An excavation team searching for a stash of legendary World War II-era British fighter aircraft in northern Myanmar said a wooden crate believed to contain one of the planes has been found, full of muddy water.
How much water damage occurred was not yet clear, and searchers could not definitively say what was inside the crate. But British aviation enthusiast David J. Cundall, who is driving the hunt for the rare Spitfire planes, called the results "very encouraging."
"It will take some time to pump the water out ... but I do expect all aircraft to be in very good condition," Cundall told reporters Wednesday in Myanmar's main city, Yangon.
The Spitfire helped Britain beat back waves of German bombers during the war that ended in 1945, and it remains the most famous British combat aircraft. About 20,000 Spitfires were built, although the dawn of the jet age quickly made the propeller-driven, single-seat planes obsolete.
As many as 140 Spitfires, three to four times the number of airworthy models known to exist, are believed to have been buried in near-pristine condition in Myanmar by American engineers as the war drew to a close.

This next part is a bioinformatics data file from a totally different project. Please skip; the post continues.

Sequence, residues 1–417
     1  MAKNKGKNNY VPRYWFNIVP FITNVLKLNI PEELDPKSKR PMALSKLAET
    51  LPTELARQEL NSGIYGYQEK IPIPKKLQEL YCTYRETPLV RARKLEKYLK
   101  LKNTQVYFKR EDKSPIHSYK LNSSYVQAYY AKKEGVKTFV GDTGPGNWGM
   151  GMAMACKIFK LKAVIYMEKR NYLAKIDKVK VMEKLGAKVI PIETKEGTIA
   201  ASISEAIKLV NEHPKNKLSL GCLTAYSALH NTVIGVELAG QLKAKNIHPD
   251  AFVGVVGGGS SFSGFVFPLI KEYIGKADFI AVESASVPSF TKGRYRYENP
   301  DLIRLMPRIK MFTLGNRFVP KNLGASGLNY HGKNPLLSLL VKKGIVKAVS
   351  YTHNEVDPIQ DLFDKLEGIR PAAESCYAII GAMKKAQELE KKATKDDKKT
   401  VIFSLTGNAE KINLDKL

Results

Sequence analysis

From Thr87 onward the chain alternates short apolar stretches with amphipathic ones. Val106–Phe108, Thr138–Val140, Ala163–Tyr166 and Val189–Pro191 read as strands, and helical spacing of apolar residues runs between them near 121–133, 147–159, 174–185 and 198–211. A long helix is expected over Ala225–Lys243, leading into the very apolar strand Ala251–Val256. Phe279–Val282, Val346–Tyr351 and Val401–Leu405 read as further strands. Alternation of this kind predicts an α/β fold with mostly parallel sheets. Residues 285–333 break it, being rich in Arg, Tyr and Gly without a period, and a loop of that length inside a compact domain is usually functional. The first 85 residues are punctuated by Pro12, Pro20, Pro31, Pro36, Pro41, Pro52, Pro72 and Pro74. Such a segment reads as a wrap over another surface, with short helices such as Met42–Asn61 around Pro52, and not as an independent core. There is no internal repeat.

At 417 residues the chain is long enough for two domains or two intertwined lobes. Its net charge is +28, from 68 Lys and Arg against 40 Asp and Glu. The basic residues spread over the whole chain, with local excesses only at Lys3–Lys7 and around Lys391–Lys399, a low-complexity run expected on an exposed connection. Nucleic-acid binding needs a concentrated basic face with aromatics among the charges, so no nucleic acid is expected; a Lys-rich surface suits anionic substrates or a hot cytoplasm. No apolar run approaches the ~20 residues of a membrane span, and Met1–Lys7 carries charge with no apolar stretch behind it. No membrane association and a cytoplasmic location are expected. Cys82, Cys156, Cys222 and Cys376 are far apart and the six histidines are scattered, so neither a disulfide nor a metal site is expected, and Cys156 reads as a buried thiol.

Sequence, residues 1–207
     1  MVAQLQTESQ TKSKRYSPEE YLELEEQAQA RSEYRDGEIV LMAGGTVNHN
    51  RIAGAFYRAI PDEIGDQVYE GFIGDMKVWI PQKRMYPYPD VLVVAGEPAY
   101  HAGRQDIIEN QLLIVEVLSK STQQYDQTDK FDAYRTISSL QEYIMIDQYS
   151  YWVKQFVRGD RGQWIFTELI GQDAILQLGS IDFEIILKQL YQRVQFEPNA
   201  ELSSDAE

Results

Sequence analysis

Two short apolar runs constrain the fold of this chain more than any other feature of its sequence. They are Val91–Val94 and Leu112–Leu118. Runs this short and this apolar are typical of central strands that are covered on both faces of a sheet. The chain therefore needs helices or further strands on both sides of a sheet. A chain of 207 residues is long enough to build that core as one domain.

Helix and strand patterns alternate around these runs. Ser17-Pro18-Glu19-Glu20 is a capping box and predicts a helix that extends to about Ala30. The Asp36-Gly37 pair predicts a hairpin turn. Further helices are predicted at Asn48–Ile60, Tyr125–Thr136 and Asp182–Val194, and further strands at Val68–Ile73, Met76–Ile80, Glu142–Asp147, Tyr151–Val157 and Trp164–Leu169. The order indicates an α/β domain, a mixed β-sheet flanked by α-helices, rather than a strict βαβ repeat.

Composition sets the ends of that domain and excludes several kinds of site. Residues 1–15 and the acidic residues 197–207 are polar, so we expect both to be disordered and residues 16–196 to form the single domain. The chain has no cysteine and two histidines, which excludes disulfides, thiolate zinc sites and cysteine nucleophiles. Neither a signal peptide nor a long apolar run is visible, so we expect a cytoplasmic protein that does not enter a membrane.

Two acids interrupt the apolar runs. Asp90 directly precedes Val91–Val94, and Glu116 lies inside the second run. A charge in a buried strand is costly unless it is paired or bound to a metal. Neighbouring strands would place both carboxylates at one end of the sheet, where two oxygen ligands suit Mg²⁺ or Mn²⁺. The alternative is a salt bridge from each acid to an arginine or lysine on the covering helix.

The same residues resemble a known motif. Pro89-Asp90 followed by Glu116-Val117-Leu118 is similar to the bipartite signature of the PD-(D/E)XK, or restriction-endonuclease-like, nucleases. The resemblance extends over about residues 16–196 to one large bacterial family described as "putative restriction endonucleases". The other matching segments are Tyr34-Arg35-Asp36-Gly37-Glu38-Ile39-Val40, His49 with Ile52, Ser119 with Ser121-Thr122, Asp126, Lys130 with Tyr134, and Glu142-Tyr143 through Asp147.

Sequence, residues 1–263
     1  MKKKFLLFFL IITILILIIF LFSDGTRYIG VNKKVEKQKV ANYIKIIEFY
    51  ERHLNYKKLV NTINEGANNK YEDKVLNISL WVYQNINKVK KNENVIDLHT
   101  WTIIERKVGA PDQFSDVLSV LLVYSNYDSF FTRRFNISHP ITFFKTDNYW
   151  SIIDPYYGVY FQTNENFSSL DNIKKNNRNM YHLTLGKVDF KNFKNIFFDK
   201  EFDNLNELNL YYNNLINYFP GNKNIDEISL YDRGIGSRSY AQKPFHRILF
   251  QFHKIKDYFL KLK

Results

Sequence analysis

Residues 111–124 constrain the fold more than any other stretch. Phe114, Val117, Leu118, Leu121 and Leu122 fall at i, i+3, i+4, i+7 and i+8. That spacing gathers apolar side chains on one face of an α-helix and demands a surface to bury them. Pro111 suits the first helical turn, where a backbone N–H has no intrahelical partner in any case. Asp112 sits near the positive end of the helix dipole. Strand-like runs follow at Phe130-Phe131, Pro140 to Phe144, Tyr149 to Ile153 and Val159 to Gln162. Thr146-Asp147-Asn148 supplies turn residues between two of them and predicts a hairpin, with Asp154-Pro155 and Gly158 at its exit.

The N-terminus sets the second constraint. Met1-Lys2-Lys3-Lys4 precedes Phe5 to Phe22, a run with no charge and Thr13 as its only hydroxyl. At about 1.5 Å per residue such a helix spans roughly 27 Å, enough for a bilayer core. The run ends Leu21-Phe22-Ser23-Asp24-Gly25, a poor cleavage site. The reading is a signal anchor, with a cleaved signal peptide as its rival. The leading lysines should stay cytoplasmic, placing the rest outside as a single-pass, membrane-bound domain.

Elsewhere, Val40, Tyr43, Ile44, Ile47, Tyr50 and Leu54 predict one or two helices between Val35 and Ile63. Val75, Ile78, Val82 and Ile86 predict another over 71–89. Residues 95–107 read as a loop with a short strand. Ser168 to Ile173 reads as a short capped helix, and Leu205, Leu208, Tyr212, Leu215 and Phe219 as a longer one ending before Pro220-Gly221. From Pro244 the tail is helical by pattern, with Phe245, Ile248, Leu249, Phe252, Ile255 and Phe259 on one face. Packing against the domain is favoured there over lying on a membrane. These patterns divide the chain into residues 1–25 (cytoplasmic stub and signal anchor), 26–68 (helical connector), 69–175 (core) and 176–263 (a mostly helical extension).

The wooden crate was found in Myitkyina in Kachin state during a dig that began last month. Several digs are planned nationwide, including another near the airport in Yangon.
Cundall said the search team in Kachin inserted a camera in the crate and found water. What else was inside the crate was unclear and pumping out the water could take weeks, he said.
The go-ahead for excavation came in October when Myanmar's government signed an agreement with Cundall and his local partner.
Under the deal, Myanmar's government will get one plane for display at a museum, as well as half of the remaining total. DJC, a private company headed by Cundall, will get 30 per cent of the total and the Myanmar partner company Shwe Taung Paw, headed by Htoo Htoo Zaw, will get 20 per cent.